The marina is fairly advanced, almost up to Yugoslavian standards - even with a shower! We have no time for this - whoever's ready in a few minutes, goes on a side trip!
We meet our Italian tour guide - Lena, get into the bus with the Moscow crew, and are driven off someplace.
I notice that I am actually enjoying not driving, but being chauffeured around - must be getting old.
The bus briskly climbs up the winding road in the Etna's foothills. Lena the tour guide entertains us with the recount of history of Sicily, fortunately, sparing us the distant geological times.
The first stop: Baron Murgo Estate winery. Complete with wine tasting, three-course meal, and many wines to buy. Before we have a chance to decide, whether we like Cabernet Sauvignon better than Merlot or the other way 'round, they run out of either.
One of the Muscovites grumbles that Cabernet and Sauvignon are different grapes, and therefore such wine does not exist. Come to think of it, they must be fucking with us in California...
Later, we discover that the winery also has port and grappa - but neither is included in tasting. What a shame.
We kiss Inna G. goodbye (with some uneasiness - in our common past, Inna's sudden departures were followed by some calamities), leave Baron Murgo's hospitable tasting room, and are ferried up the Etna mountainside.
Along the way, disappointed Muscovite Sasha shares his experience of multiple trips to America.
In short, New York, Los Angeles, and Grand Canyon are nothing more than tourist traps, but rather passable viewed from a helicopter. What the Americans drive cannot possibly be described in print, and therefore should not be discussed in a respectable company.
In the meantime, Lena the tour guide educates us in the peculiarities of Sicilian economy - namely, its shadowy side.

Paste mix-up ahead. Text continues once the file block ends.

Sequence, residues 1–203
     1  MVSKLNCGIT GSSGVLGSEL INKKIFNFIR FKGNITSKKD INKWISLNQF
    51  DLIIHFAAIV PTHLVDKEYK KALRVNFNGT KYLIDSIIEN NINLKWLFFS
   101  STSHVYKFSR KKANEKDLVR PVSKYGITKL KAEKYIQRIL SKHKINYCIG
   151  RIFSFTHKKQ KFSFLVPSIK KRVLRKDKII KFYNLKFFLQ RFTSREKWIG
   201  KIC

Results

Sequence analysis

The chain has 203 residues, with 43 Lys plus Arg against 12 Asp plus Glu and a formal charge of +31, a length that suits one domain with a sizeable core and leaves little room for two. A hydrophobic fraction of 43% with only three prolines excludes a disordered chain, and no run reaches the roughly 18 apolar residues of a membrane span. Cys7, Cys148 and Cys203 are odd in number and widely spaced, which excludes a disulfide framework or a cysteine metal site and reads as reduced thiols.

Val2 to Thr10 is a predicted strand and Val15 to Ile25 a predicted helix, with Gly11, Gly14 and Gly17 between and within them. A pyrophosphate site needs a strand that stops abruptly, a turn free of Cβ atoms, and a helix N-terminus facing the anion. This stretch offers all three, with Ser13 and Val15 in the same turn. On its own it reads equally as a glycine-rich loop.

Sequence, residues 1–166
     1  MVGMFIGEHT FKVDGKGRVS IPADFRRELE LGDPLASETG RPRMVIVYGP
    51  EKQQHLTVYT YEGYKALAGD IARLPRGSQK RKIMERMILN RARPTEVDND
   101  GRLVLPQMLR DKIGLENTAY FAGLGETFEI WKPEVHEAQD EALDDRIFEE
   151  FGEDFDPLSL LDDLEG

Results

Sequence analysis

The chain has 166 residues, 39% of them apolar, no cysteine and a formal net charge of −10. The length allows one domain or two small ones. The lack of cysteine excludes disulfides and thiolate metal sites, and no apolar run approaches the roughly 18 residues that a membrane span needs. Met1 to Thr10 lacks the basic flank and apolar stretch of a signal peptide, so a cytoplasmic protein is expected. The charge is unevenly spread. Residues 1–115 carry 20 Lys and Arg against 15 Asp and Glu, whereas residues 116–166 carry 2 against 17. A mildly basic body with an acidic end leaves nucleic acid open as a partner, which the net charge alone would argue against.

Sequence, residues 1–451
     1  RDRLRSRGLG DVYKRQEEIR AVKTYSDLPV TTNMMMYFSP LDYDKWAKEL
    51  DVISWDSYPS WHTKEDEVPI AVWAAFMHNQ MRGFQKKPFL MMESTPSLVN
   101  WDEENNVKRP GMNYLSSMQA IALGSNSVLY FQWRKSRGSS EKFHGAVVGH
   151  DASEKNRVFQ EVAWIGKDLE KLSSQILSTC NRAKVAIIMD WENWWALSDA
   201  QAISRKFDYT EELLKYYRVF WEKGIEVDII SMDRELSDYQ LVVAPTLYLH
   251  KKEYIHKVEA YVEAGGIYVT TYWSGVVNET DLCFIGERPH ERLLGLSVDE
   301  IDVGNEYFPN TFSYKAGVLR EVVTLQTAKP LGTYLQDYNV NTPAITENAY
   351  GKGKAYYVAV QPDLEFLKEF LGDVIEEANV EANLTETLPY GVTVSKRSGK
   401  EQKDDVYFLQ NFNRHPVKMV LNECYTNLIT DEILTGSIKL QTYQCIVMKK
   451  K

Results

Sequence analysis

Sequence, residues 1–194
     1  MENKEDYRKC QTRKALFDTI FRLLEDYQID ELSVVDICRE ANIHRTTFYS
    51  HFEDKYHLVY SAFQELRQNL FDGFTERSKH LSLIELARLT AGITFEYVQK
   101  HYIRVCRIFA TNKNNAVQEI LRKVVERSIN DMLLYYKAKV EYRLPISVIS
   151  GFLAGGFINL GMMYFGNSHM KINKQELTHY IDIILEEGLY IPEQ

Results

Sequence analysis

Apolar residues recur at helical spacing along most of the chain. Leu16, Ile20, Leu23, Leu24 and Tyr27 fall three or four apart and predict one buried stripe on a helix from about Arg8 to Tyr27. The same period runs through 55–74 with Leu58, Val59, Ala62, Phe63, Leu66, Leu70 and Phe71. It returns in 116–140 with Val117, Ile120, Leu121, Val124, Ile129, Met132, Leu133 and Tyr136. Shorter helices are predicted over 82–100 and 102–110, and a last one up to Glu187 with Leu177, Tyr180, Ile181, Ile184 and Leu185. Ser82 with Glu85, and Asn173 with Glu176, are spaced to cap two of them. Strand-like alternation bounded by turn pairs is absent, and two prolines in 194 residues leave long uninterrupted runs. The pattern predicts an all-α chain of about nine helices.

According to Lena, mafia is practically invisible for the general population - it only humbly asks the government to allow it, the mafia, to carry out the most mundane and inglorious tasks, like building something or taking care of trash disposal.
On top of this, mafia - without any profit, just out of the feeling of general social responsibility - also supplements the lack of law enforcement. For instance, if one stays in a mafia-owned hotel, one can easily leave a diamond ring on top of a dresser in an unlocked hotel room - and one is guaranteed that this ring will remain there.
We don't ask to elaborate on safety of diamond rings in non-mafia-owned establishment.
From Etna to Taormina
Our bus pulls over at a parking lot halfway up the Etna slope - at 1800 meters above sea level, out of three and a half kilometers.
Outside it is freezing - about 45 degrees Fahrenheit, and the wind is howling.
The landscape is indeed mind-blowing: I realize for the first time that I am looking at a very young and very active volcano - no vegetation for many square miles of fresh lava flows.
Wrapped in our jackets, we amble around some little crater, and find solace and warmth in a gift shop (with a cafe and a bar).
We stock up on the fridge magnet (never mind that our fridge is stainless) and calendars with Etna views, run back to the bus, and descend from the mountains to the old capital of Sicily - Taormina.
Lena the tour guide sweetens the trip with a very dramatic story about the spreading of homosexuality in these parts from the ancient Greece to these days. We, the inhabitants of Southern California, are unimpressed.
Taormina is a very pleasant and very old town. We must have lost a lot due to our late arrival - but even the late night stroll was beautiful.
As a side benefit, we note the abundance of pretty long-legged beauties - and most of them seem to be fluent in Russian. Too bad that the miserable optical qualities of our photo equipment does not allow to preserve the evidence. Or is it the presence of "the significant other?" Never mind... I don't remember how we arrive back to the boat. I do remember, however, a very animated life onboard of three-decked "Abramovich inflatable," which did not include us.
We are facing a long (five hours, maybe) trip to Catania - and therefore we get ourselves together early in the morning, and head out to the local fish market.
The local places are flooded with fish - the variety of seafood in Mediterranean is mind-blowing.